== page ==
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First-half leaders turn to laggards as market transforms

Dividend-heavy sectors, including utilities and telecom, have given way to to first-half dogs, including financials and tech

KeremYucel/Getty Images/iStockphoto

Stock investors flipped the script when they passed the year's halfway point – bad became good and good became bad.

The reversal has held across sectors and individual stocks since the end of June. First-half laggards have led and leaders have lagged.

The market's transformation can broadly be characterized as a rotation out of defensive pockets and into riskier ones.

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In the first half of the year, "cheap stocks were getting cheaper, and expensive stocks got more expensive. The common denominator was interest rates," said Patrick Horan, a portfolio manager with Agilith Capital.

Declining bond yields earlier this year sustained demand for dividend-heavy U.S. sectors such as utilities and telecom. Shares of precious-metals companies also did well. But the midpoint saw them relinquish leadership to the dogs of the first half, including financials and technology.

The trend is no less apparent in Canada, where gold and silver miners had a great first-half run and have since stumbled. The single best-performing stock in the S&P/TSX composite index in the first half – First Majestic Silver Corp., which nearly quadrupled in value – has since dropped all the way to dead last with a 40-per-cent slide.

It's all part of the same rotation, which has coincided with a global reassessment of the ultralow-interest-rate regime in place since the financial crisis.

"We believe the environment has changed," Mr. Horan said. If so, rate-sensitive sectors and bond proxies could continue to be punished, to the potential benefit of cyclical stocks.

The year started with investors assuming a largely defensive stance in reaction to a correction that began in earnest in the first trading sessions of 2016.

And as has so often been the case in recent years, the course of normalization of interest rates was interrupted.

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Expectations for the U.S. Federal Reserve Board to raise interest rates diminished, and long-term bond yields withered.

And again, investors piled into stocks serving as substitutes for bonds. With fixed-income securities offering next to nothing, or less, in the way of yield, dividend stocks have served to replace that lost income.

As a result, those sectors that offer generous dividends have become crowded.

"The valuations of the safe, defensive and high-yield sectors have at times been very, very expensive," said Bryan Pilsworth, president and portfolio manager at Foyston Gordon & Payne.

Defensive stocks, which offer some shelter from macroeconomic cycles, and dividend stocks are not exactly synonymous, but there is plenty of overlap between the two.

Brexit reinforced their popularity. When Britain voted in late June to leave the European Union, it sent investors again scrambling for havens.

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The demand for yield and safety made utilities and telecoms the best performing U.S. sectors in the six months ending in June, with each advancing by more than 20 per cent.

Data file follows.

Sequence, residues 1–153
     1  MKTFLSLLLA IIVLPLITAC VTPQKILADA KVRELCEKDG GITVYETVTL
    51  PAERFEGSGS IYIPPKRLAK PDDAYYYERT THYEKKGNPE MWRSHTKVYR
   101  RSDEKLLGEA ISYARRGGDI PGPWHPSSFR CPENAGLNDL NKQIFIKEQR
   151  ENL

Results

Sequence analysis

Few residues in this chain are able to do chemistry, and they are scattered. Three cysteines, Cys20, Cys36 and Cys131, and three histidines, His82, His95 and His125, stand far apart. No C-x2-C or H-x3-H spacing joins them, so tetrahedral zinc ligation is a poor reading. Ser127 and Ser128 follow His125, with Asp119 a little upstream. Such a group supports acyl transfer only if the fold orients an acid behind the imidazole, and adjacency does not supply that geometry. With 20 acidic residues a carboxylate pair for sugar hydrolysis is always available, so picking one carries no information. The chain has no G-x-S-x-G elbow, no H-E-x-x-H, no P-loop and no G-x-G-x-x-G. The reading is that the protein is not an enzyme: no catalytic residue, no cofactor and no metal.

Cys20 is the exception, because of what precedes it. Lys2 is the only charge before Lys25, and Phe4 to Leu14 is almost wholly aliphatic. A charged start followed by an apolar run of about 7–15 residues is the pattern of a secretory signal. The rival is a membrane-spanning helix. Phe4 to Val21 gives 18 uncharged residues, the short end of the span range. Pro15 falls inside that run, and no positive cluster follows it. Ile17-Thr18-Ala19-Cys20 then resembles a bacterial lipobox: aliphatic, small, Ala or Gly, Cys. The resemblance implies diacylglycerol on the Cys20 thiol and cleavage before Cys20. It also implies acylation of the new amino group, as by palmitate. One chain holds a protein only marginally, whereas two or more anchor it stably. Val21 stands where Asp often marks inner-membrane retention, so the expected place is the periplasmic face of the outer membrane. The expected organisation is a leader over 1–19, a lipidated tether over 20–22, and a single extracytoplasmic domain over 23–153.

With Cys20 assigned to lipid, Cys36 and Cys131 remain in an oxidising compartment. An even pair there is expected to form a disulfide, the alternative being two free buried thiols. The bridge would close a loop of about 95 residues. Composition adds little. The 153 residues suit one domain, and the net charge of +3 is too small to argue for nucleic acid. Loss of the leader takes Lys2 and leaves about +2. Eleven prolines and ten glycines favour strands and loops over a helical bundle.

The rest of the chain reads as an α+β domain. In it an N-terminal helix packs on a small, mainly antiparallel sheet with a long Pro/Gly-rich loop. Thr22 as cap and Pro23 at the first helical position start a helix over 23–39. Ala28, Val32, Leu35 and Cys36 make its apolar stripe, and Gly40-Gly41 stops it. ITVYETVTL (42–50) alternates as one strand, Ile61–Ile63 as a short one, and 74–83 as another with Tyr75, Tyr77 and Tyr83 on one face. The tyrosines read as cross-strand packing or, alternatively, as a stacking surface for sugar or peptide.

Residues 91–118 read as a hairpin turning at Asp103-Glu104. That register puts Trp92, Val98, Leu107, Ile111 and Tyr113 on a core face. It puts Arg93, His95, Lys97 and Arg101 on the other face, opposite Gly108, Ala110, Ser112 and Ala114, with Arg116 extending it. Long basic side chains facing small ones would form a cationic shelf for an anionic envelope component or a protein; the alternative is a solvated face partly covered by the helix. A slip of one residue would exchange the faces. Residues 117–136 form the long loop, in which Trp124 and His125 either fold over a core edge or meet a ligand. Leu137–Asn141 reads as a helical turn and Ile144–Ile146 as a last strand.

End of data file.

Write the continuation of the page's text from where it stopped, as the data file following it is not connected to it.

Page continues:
Same story in Canada, where rate-sensitive sectors – utilities, telecoms and real estate – were the only non-resource sectors to beat the S&P/TSX composite index over the same time.

As much of the fixed-income universe sank into the unprecedented realm of negative interest rates, the yield on the benchmark U.S. 10-year Treasury bond sunk to an all-time low of 1.32 per cent in the days after the Brexit vote.

In pushing yields to levels typically seen during a severe recession, the market seemed to arrive at a dramatic conclusion regarding rates. People thought, "they're going to stay low forever," Mr. Horan said.

He called that the "final capitulation" on rates – the point at which the pendulum finally began to swing the other way.

After that, yields began to rise, the market began to bank on a U.S. rate increase in December, and the world began to question the wisdom of extraordinary monetary stimulus in perpetuity.

And with that, the fortunes of the stock market started to reverse.

Rate-sensitive sectors went from first to worst, with utilities and telecom sectors of the S&P 500 both declining by about 10 per cent since the end of June.

The first-half losers, meanwhile, have claimed leadership, as technology and financial stocks have risen by 12 per cent and 5 per cent, respectively, since the halfway point.

Those changes hint at the kind of unwinding that might result should the normalization of interest rates finally be under way, Mr. Horan said.

"When the herd turns and leaves, you can get traumatic drawdowns."

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About the Author
Investing reporter

Tim Shufelt joined the Globe and Mail in August, 2013, primarily to cover investments for Report on Business. Prior to the Globe, he worked as a staff writer at Canadian Business magazine, a business reporter at the Financial Post, and covered city news and courts for the Ottawa Citizen. More


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